South Korea's GDP –$787.6 billion– is almost  equal to that of Brazil ($796 
billion) and Mexico ($768 billion),  countries with abundant hydrocarbon 
reserves and incomparably larger  populations. Imperialism imposed its system upon 
these nations. Two fell  behind; the other made much more progress.  
There is hardly any emigration from South  Korea to the West. There is 
emigration en masse from Mexico to what is  currently US territory. From Brazil, 
South and Central America, people  emigrate everywhere, in search of employment 
and lured by consumerist  propaganda. Today, they are being rewarded with 
rigorous and contemptuous  laws.  
The principled position on nuclear weapons  supported by Cuba within the 
Non-Aligned Movement, ratified during the  Summit Conference held in Havana in 
August 2006, is well known.  
I met the current leader of the Democratic  People’s Republic of Korea, Kim 
Jong Il, when I arrived at the Pyongyang  airport. He was standing discretely 
beside his father, to one side of the  red carpet. Cuba maintains excellent 
relations with his government.   
When the Soviet Union and the socialist bloc  collapsed, the Democratic People
’s Republic of Korea lost important  markets and sources of oil, raw 
materials and equipment. As in Cuba’s  case, the consequences were severe. The 
progress that had been attained  through great sacrifices was at risk. In spite of 
this, they showed  themselves capable of constructing a nuclear weapon.  
When the nuclear test was conducted around a  year ago, we conveyed to the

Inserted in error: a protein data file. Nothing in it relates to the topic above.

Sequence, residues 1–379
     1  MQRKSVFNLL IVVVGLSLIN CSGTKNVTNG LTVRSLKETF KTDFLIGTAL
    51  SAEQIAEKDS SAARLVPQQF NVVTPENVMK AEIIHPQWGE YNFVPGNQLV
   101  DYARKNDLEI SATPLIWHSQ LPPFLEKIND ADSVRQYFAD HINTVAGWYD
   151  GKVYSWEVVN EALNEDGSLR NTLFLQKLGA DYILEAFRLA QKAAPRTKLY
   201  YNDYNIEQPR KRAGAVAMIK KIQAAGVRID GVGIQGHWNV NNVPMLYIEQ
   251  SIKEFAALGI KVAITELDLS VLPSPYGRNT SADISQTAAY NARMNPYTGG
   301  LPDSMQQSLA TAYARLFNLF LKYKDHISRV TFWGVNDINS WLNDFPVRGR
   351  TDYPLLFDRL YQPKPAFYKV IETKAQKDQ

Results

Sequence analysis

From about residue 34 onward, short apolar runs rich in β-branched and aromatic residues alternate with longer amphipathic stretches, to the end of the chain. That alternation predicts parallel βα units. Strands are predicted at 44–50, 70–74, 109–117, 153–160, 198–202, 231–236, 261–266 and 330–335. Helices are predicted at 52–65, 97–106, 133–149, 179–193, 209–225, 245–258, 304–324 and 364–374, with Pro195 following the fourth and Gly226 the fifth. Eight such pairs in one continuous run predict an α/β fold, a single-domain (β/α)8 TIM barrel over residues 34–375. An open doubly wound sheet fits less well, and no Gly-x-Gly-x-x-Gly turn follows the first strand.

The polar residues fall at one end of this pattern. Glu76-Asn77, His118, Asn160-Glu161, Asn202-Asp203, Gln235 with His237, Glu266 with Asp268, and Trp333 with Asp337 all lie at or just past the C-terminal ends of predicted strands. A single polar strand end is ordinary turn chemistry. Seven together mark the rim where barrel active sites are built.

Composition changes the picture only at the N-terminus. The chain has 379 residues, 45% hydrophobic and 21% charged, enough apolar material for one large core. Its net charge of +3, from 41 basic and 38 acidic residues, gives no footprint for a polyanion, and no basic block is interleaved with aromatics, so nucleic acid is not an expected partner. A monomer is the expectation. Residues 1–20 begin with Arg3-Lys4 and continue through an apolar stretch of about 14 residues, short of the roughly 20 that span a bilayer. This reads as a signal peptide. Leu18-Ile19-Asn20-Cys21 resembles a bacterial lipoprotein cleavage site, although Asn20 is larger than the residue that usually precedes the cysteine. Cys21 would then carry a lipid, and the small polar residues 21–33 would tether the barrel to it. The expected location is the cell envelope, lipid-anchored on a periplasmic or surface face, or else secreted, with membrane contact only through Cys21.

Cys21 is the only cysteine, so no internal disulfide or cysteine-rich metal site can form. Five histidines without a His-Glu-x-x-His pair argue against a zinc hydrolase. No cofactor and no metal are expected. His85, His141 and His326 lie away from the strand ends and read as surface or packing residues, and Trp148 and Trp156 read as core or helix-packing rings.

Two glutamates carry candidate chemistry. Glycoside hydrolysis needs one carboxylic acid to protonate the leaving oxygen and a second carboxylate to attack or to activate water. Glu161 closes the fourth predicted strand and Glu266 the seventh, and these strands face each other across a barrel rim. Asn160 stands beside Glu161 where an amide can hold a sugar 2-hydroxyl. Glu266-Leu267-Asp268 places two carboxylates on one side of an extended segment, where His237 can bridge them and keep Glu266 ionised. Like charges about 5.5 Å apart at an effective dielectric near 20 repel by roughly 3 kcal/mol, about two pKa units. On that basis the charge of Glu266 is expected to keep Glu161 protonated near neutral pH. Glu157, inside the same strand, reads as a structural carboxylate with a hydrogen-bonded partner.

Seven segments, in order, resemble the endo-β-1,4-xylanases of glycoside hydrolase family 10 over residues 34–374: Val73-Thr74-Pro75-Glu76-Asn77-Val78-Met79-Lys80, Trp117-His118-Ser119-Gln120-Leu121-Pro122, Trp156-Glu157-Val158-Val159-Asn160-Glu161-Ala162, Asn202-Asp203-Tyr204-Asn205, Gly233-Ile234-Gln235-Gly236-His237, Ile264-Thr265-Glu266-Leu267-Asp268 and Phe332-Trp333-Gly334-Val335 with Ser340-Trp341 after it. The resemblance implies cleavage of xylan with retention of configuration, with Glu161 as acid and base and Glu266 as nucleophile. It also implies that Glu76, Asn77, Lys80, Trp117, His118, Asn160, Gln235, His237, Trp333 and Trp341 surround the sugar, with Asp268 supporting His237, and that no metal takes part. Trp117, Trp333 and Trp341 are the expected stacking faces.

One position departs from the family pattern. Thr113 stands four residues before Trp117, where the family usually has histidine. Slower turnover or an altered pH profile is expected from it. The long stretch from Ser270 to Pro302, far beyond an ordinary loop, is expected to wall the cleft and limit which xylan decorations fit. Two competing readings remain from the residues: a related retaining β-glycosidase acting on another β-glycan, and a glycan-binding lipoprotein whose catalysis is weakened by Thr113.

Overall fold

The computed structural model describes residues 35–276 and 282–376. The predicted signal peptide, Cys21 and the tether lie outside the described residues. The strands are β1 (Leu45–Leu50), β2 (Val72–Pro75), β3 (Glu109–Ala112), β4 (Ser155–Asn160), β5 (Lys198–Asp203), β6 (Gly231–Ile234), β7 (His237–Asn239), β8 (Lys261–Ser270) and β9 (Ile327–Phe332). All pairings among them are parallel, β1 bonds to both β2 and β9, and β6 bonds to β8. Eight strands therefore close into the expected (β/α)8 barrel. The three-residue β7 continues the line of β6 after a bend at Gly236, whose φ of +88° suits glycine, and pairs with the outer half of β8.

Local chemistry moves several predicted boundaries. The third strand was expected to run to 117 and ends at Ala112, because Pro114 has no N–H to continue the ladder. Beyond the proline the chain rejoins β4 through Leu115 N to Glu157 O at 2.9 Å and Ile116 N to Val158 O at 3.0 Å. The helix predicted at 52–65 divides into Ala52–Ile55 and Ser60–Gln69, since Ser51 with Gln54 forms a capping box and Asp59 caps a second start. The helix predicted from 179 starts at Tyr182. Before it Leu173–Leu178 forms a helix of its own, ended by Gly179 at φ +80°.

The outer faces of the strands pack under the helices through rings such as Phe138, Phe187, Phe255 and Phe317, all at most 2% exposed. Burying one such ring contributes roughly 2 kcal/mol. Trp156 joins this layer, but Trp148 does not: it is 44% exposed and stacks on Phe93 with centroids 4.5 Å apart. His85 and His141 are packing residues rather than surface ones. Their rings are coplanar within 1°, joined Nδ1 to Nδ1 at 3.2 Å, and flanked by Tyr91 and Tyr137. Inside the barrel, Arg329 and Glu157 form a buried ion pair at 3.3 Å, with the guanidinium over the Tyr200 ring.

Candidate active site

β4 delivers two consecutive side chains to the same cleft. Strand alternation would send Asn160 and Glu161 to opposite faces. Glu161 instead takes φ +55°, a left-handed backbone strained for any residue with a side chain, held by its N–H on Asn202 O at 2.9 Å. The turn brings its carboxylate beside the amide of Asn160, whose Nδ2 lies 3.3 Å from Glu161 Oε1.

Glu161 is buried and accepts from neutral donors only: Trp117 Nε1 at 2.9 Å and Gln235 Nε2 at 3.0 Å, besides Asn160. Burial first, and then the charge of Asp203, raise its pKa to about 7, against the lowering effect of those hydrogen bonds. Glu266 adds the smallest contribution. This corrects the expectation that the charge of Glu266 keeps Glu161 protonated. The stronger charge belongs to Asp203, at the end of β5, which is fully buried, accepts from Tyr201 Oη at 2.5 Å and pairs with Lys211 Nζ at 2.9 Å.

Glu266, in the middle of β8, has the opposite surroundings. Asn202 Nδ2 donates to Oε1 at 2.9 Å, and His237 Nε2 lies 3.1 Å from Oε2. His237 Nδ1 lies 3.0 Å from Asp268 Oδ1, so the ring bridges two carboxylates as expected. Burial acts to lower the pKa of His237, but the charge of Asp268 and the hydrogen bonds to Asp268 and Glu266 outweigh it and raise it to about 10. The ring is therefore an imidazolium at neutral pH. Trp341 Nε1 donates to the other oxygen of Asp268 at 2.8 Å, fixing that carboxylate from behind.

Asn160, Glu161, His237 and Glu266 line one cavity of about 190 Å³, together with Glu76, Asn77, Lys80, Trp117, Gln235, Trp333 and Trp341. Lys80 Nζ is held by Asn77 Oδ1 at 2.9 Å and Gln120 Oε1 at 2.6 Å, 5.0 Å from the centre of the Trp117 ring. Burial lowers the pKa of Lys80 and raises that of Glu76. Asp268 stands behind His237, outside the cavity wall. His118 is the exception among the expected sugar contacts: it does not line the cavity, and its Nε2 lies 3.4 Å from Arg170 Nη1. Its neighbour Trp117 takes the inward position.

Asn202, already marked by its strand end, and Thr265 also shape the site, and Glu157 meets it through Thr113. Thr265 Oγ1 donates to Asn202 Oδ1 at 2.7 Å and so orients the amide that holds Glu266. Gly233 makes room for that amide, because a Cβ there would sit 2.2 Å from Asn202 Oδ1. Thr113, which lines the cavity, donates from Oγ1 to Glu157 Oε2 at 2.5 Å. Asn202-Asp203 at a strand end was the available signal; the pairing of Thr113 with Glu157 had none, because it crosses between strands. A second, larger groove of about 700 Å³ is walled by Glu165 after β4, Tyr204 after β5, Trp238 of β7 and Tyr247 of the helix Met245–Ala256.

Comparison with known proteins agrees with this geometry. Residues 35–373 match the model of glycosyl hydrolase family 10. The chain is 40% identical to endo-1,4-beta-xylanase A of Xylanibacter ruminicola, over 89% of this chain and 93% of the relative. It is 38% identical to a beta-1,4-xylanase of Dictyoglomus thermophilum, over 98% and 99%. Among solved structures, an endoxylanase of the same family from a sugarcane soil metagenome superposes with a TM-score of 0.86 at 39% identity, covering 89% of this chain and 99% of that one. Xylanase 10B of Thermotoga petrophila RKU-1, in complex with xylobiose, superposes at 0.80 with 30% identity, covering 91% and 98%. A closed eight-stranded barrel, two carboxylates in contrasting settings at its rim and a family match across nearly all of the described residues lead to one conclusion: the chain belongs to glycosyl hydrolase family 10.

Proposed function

government of North Korea our points of view  on the damage this could cause 
poor Third World countries that were waging  an unequal and difficult battle 
against imperialist designs at a decisive  moment for the world. It might not have 
been necessary. Kim Song Il, at  that point, had already decided beforehand 
what he had to do, mindful of  the geographic and strategic characteristics of 
the region.  
We are pleased to see North Korea’s statement  of its intention to suspend 
its nuclear weapons program. This has nothing  to do with the crimes and the 
blackmail of Bush, who is now touting the  declaration as proof of the success of 
his policy of genocide. North  Korea's gesture was not aimed at the 
government of the United States,  before which it never yielded one inch, but, rather, 
at China, a  neighboring ally, whose security and development is vital for the 
two  States.  
Third World countries are interested in the  friendship and cooperation 
between China and the two Koreas, whose union  need not be from coast to coast, as 
was the case of Germany, currently a  US ally in NATO. Step by step, 
unhurriedly but indefatigably, as befits  their culture and history, they will continue 
to weave the ties that will  unite the two Koreas. With South Korea, we are 
developing more and more  ties. With North Korea, these have always existed and 
we shall continue to  strengthen them. 
Fidel Castro Ruz 
July 24, 2008 
6:18 p.m. 
Translated by  ESTI 

Havana.  July 24,  2008  

Reflections  of Fidel
The Olympic baseball  team  
THE indignation of the fans at  Sunday’s serious setback thundered. That says 
it all:  fan-at-ics! 
But people forget the fact that they [the players] are now in South  Korea, a 
country where we do not even have an embassy and where our  athletes are 
continuing their  training….